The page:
Taiwanese literature movement

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The Taiwanese literature movement (also Taiwan literature movement, Nativist literature movement) refers to the effort of authors, poets, dramatists, musicians, and publishers in Taiwan to establish recognition of a distinctly Taiwanese body of literature. The movement was the subject of considerable international as well as domestic debate in the 1970s and 1980s.

Authors saw that much of the history and tradition of the island was being ignored or suppressed in government-sponsored education. In their work they sought to carry forward this distinct Taiwanese cultural identity that existed apart from the colonizing efforts of China and Japan. Just as their predecessors in the 1920s had incurred official sanction from the Imperial Japanese government then ruling the island, authors in this new movement worked against the bans imposed by the authoritarian Kuomintang regime and were targeted for criticism by the Communist government in China. The movement is closely associated with the emergence of Taiwan's democracy in the 1990s. Figures associated with the Taiwanese literature movement include:

Authors sought to gain acceptance for the Taiwanese Hokkien language along with other languages encountered on the island (aboriginal languages and Hakka). These, the mother tongues of the majority of the island's natives, became in their hands the vehicles for serious literature, including essays, plays, and epic poetry. They made the island itself the center of their perspective on history and looked to local traditions and lore as fuel for creative ideas.

An example may be seen in the 1994 poem "If You Would Ask" by Lee Min-yung. The poem adopts the point of view of a Taiwan aborigine speaking to all the island's newer residents.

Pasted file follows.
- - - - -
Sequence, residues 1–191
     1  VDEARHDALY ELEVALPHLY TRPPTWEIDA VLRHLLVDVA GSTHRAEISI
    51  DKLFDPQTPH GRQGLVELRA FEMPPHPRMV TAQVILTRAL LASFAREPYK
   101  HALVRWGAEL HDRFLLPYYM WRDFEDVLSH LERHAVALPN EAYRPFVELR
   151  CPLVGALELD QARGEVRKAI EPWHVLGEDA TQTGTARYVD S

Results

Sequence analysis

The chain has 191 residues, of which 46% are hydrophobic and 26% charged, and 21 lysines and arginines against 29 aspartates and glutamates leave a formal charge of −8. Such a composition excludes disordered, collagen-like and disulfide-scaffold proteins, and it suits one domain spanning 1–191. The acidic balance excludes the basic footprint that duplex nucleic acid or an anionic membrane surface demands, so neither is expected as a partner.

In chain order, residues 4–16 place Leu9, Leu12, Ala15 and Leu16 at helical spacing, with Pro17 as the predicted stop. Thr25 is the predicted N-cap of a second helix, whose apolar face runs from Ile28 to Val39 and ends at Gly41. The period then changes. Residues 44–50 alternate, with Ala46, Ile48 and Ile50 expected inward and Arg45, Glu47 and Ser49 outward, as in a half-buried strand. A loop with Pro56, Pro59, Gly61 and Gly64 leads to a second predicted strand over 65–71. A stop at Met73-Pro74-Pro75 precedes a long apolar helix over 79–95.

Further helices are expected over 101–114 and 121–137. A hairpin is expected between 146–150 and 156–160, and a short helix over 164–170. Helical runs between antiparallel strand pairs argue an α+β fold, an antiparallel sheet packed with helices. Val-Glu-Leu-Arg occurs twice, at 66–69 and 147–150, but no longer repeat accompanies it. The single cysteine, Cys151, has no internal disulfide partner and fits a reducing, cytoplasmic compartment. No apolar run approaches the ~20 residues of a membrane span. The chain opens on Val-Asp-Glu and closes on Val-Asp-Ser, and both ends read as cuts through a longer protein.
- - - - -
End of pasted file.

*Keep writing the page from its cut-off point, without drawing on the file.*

If you ask
Who is the father of the island of Taiwan
I will tell you
The sky is the father of the island of Taiwan
If you ask
Who is the mother of the island of Taiwan
I will tell you
The ocean is the mother of the island of Taiwan
If you ask
What is the past of the island of Taiwan
I will tell you
Blood and tears drop on the feet of the history of Taiwan
If you ask
What is the present of the island of Taiwan
I will tell you
Corruption in power is eroding the Taiwanese soul
If you ask
What is the future of the island of Taiwan
I will tell you
Step out on your feet, the road is open to you.

(Translation: Joyce Hwang)[1]

Native sources and unacknowledged island history were not the only influences. Authors drew inspiration from a number of literary figures abroad: Poland's Zbigniew Herbert and Czesław Miłosz; Czech poets Jaroslav Seifert, Antonin Bartusek and Miroslav Holub; Russia's Joseph Brodsky; France's André Gide and Paul Valéry; Turkey's Nizim Hikmet, Japan's Tamura Ryuichi.

The Taiwanese literature movement inspired a flowering of books, songs, and theater pieces using Taiwanese, Hakka and Taiwan aboriginal forms of expression that continues today. Taiwan's universities today offer recognize the languages and works championed by the movement as major fields of study.

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Notes[edit]

  1. ^ Hwang, Joyce (1 December 2007). "Lee Min-yung: A Life Devoted to Poetry". Taiwan Review. Ministry of Foreign Affairs (Republic of China). 

Other References[edit]